In addition to micro-level linguistic structures like stance markers and style, we introduced the concept of macro narrative or conversational history able to be indexically tied to identity categories.


In  previous research it was shown that stance is (1) public, and is perceivable, interpretable, and available for inspection by others (Englebretson, 2007; Du Bois, 2007); (2) stance is interactional and  relational – collaboratively constructed ,and with respect to other stances; (3) stance is indexical evoking aspects of the broader sociocultural context (presidential race context and political parties positioning) and of the personal identity (gender identity in our analysis).

It was emphasized that identities are emergent and dynamic, situationally negotiated in discourse (Goffman, 1977, 1981), and gender stereotypes are used strategically and in ephemeral contingencies of interaction.

However, it is worth noting that one person can be described by different categories (sex, class, status, age) and therefore several identities can be at play simultaneously. Moreover, particular identities are not salient or relevant at all times, but rather several identities are at work in an interactional situation. In this   analysis of electoral addresses, the thematic content of the speeches is gender neutral (program, investments, national and foreign politics), but the style is gender marked (community, solidarity, family values, expressive and commissive speech acts).

Adopting Golopenția’s (2018) conversational history in new contexts (political monologic speech) it can be concluded that a “conversational history” is possible in different discourse genres, not only in everyday conversations; moreover, identity, ethos, and intersubjectivity interact and construct the writer/speaker–in-the-text, and the reader/hearer-in-the-text, in search of shared knowledge and values, favouring intersubjective engagement.

In line with previous studies, this analysis claims that stance taking, especially in monologic discourses is a form of social action constituted within the broader scope of language, interaction, and socio-cultural values (Du Bois, 2007).

The present study contributes to contemporary research on subjectivity, stance and interaction by anchoring identity in interaction. By showing that identity is emergent in discourse and does not precede it, it becomes clear that identity is built and functions as an intersubjectively achieved social and cultural event. Further studies might continue along this line, and might also investigate how different types of positioning mark leadership style and contribute to the formation of macro-narratives (conversational histories) about organisations, groups or individuals.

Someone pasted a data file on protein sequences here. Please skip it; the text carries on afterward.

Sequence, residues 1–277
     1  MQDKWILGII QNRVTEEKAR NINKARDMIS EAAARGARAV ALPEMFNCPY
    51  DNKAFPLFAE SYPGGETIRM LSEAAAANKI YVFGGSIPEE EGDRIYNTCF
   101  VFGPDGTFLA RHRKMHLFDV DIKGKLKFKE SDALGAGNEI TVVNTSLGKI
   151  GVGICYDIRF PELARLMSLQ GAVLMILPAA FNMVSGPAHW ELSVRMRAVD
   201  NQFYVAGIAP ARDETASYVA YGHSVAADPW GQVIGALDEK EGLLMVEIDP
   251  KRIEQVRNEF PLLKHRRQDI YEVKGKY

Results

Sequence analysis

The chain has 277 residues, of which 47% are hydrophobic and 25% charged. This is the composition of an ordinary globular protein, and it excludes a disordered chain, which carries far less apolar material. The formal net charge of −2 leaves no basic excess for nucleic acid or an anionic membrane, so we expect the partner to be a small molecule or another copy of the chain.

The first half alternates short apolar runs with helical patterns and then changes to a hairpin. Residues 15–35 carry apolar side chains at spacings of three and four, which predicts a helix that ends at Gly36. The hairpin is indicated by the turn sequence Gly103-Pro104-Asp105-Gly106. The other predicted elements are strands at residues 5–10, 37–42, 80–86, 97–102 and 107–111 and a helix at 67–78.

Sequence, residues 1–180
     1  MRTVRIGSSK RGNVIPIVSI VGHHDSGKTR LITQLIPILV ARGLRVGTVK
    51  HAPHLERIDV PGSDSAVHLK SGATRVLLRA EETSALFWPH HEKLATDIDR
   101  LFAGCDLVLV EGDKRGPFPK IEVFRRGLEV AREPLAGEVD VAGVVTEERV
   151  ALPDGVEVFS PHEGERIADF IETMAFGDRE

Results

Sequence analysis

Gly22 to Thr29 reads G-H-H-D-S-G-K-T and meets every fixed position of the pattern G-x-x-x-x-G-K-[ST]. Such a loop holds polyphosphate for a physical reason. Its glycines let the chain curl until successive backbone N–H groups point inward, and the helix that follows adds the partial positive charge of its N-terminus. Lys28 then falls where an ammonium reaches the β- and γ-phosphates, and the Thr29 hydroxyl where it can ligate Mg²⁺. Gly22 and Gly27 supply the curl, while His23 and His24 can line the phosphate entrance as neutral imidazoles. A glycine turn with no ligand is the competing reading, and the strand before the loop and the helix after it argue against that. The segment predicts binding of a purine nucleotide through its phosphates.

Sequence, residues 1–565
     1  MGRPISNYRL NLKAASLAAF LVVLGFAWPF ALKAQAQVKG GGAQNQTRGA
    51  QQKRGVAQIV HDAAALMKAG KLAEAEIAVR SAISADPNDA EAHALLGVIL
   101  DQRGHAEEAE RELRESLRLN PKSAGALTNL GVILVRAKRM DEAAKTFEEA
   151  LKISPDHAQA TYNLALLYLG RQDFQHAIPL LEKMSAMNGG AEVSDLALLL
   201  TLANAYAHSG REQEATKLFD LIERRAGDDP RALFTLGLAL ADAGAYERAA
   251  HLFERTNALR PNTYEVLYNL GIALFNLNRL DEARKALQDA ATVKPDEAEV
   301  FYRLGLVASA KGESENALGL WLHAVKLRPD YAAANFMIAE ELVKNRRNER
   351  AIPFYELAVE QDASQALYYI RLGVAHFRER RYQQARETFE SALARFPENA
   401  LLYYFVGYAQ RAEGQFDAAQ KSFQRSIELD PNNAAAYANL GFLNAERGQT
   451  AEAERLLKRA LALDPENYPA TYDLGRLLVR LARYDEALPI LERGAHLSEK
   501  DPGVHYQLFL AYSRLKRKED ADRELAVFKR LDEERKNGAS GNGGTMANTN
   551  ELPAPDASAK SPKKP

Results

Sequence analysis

Conflict of interests. The author of this article does not have any conflict of interest

Financing and ethical aspects. The project was not financed from external sources and the author did not obtain an ethical agreement of her institutions.


A summary of this paper was presented at the online international conference: “Individual, family, society – contemporary challenges”, fourth edition, 6 to 7 October 2021, Bucharest, Romania and published in the journal Studii şi Cercetări de Antropologie, No. 7/2021.


  1. Aristotle, (2014). The Art of Rhetorics. Harper: Collins Publishers.
  2. Aubert, N., Haroche C. (2011). Les tyrannies de la visibilite. Etre visible pour exister? Toulouse: Editions ERES.
  3. Austin, J.L. (1962). How to Do Things with Words, University of Michigan, Michigan: Clarendon Press.
  4. Baert, P. (2012). Positioning Theory and Intellectual Interventions. Journal of the Theory of Social Behaviour, 42(3), 304-324.
  1. Bucholtz, M., & Hall, K. (2005). Identity and Interaction: A Sociocultural Linguistic   Approach. Discourse Studies 7(4–5), 585–614
  2. Butler, J. (1990). Gender Trouble. New York: Routledge
  3. Cmeciu, C. & Pătruț, M. (2014). The visual framing of Romanian women politicians in personal campaign blogs during the 2012 Romanian Parliamentary elections. In Raicheva- Stover, M. & Ibroscheva, E.(eds.) Women in Politics and Media: Perspectives from Nations in Transition.pp.181-214. London: Bloomsbury Publishing.
  4. Connell, R. W. & Messerschmidt, J. W. (2005). Hegemonic Masculinity: Rethinking the Concept. Gender & Society, 19(6), 829–859.
  5. Connell, R. W. (1987). Gender and Power: Society, the Person and Sexual Politics. Stanford: Stanford University Press.
  6. Dan, V. & Iorgoveanu, A. (2013). Still On the Beaten Path. How Gender Impacted the Coverage of Male and Female Romanian Candidates for European Office. The International Journal of Press/Politics, 18(2), 208-233. doi: 10.1177/1940161212473508
  7. De Fina, A., Schiffrin, D., & Bamberg, M. (2006). Discourse and identity. Cambridge, England: Cambridge University Press.
  8. Du Bois, J.W. (2007). The Stance Triangle. In Stancetaking in Discourse, edited by R. Englebretson, pp.139-183. Amsterdam: John Benjamins.
  9. Englebretson, R. (2007). Stancetaking in Discourse: An introduction. In R. Englebretson, (ed.) Stancetaking in Discourse: Subjectivity, Evaluation, Interaction, pp. 1-26 Amsterdam/Philadelphia: Benjamins.